By Dana Goodyear
Heizer, a pioneer of the earthworks movement, began “City” in 1972. A mile and a half long and inspired by ancient ritual cities, it is made from rocks, sand, and concrete mined and mixed on site.
PHOTOGRAPH BY JAMIE HAWKESWORTH FOR THE NEW YORKER
1. SLEEPING BEAUTY
“I’m trying to tell you the story of my strange life,” the artist Michael Heizer said to me. “I’m not sure how much I want everyone to know, but it’s all going to come out.” It was March in New York, a cold, long-shadowed afternoon, and Heizer, who has spent much of the past half century on a remote ranch in Nevada, working on “City,” a mile-and-a-half-long sculpture that almost no one has seen, had finished an omelette and a tarte tatin at Balthazar. With his dealer, Kara Vander Weg, of the Gagosian gallery, he shuffled down Spring Street toward Greene, where he’d been renting a loft since the fall. He is seventy-one, and walking pains him.
At a crosswalk, Heizer—ravaged, needy, fierce, suspicious, witty, loyal, sly, and pure—leaned against a lamppost to rest, thin on thin. He wore a felt rancher hat whose band was adorned with the tips of elk antlers, and a jackknife in a holster at his waist. In the eighties, Andy Warhol photographed him wearing plaid flannel, his hands raised like claws and a vague, suggestive smile on his lips: Am I scaring you, honey? Now, with his hat casting an elliptical shadow on the pavement, he looked ready for another portrait. He glanced down at the patent-leather flats on Vander Weg’s feet. He asked, “Those Dior?”
Heizer, who is given to playful lamentation, complains about what New York is turning him into: “A decaffeinated, used-up, once-was quick-draw cowboy, a sissy boy who eats at Balthazar for lunch.” At such moments, he is a cartoon roughneck, swatting at his own amusement like a housefly. “Chemical castration—doesn’t happen all at once,” he said. “It’s slow. You just wake up one day and you’re dickless.”
Throughout his career, in paintings and in sculptures, Heizer has explored the aesthetic possibilities of emptiness and displacement; his voids have informed public art from the Vietnam Memorial to the pits at Ground Zero. “Levitated Mass,” a three-hundred-and-forty-ton chunk of granite that since 2012 has been permanently installed at the Los Angeles County Museum of Art, is one of the few sculptures in the world designed to be walked under, an experience that strikes most visitors as harrowing. Heizer once told Vander Weg he’d like his tombstone to read, “Totally Negative.”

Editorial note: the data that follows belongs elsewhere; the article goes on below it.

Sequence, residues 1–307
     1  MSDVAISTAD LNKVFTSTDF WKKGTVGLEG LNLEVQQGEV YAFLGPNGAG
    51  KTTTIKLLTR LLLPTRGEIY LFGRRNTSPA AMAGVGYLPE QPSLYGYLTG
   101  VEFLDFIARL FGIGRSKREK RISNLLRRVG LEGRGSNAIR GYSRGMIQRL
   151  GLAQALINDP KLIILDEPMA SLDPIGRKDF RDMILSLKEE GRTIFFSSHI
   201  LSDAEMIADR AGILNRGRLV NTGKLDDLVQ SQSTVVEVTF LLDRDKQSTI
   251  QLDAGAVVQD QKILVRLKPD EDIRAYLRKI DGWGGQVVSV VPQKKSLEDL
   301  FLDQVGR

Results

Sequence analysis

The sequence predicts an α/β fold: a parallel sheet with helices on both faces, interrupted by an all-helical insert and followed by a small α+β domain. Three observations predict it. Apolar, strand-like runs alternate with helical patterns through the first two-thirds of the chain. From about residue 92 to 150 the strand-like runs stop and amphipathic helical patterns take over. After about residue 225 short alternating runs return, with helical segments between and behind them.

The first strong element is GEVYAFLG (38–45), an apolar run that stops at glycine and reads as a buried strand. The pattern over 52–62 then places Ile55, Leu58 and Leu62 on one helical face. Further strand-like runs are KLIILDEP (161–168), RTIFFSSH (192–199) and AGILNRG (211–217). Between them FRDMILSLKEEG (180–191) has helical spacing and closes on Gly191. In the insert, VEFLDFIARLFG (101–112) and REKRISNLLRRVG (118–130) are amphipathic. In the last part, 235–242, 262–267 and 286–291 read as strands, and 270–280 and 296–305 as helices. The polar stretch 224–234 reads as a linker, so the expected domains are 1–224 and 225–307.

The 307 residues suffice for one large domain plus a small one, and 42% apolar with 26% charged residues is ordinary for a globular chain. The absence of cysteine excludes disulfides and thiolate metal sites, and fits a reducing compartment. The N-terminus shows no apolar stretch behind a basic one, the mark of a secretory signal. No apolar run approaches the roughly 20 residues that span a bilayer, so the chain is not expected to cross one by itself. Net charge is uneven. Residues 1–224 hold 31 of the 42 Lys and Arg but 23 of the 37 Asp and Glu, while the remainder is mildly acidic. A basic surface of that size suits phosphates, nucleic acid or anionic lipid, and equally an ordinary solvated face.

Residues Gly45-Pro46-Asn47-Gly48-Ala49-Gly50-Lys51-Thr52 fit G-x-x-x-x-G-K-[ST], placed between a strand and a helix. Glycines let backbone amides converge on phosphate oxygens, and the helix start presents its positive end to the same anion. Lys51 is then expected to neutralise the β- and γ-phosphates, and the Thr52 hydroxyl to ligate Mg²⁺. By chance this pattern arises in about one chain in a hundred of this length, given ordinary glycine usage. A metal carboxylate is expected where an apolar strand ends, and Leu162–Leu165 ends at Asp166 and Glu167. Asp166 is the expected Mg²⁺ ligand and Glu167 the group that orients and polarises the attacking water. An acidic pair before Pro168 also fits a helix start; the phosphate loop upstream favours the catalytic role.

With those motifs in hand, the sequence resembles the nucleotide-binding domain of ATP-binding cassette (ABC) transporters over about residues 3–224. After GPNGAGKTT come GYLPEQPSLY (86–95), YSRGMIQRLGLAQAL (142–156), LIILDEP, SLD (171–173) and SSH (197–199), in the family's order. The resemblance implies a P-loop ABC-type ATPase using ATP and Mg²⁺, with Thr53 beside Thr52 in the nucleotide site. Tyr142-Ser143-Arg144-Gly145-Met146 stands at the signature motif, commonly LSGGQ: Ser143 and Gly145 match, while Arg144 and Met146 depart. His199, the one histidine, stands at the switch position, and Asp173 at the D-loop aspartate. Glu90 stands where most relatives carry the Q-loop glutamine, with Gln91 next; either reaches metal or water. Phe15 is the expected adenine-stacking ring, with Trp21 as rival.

“City” is a monumental architectonic work, with dimensions comparable to those of the National Mall, in Washington, D.C., and a layout informed by pre-Columbian ritual cities like Teotihuacan. Heizer started it in 1972, when he was in his late twenties and had already established himself as an instigator of the earthworks movement, a group of artists, including Robert Smithson and Walter De Maria, who made totemic outdoor sculptures, often in the majestic wastelands of the American West. “City” is made almost entirely from rocks, sand, and concrete that Heizer has mined and mixed on site. The use of valueless materials is strategic, a hedge against what he sees as inevitable future social unrest. “My good friend Richard Serra is building out of military-grade steel,” he says. “That stuff will all get melted down. Why do I think that? Incans, Olmecs, Aztecs—their finest works of art were all pillaged, razed, broken apart, and their gold was melted down. When they come out here to fuck my ‘City’ sculpture up, they’ll realize it takes more energy to wreck it than it’s worth.”
It is either perfect or perfectly bizarre that Heizer’s sculpture, a monument meant to outlast humanity, is flanked by an Air Force base and a bomb-test site; in recent years, the land surrounding “City” was under consideration for a railroad to convey nuclear waste to a proposed repository at Yucca Mountain. As it happened, Senator Harry Reid, a dedicated opponent of Yucca Mountain and an advocate for public lands, fell in love with Heizer’s crazily ambitious project and its quintessentially Nevadan setting. “I decided to go and look at it,” Reid told me. “Blew out two tires. I just became infatuated with the vision that he had.” Last summer, at Reid’s urging, President Obama declared seven hundred and four thousand acres of pristine wilderness surrounding “City” a national monument, meaning that it will be protected from development, including a nuclear rail line, for as long as the United States exists.
“This next song is about narrow-minded record executives and their reluctance to take a chance on anything a bit different.”
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“City” reflects the singular, scathing, sustained, self-critical vision of a man who has marshalled every possible resource and driven himself to the brink of death in the hope of accomplishing it. “It takes a very specific audience to like this stupid primordial shit I do,” Heizer told me. “I like runic, Celtic, Druidic, cave painting, ancient, preliterate, from a time back when you were speaking to the lightning god, the ice god, and the cold-rainwater god. That’s what we do when we ranch in Nevada. We take a lot of goddam straight-on weather.”
Heizer with his sculpture “North, East, South, West” and his dog Tomato Rose.
PHOTOGRAPH BY JAMIE HAWKESWORTH FOR THE NEW YORKER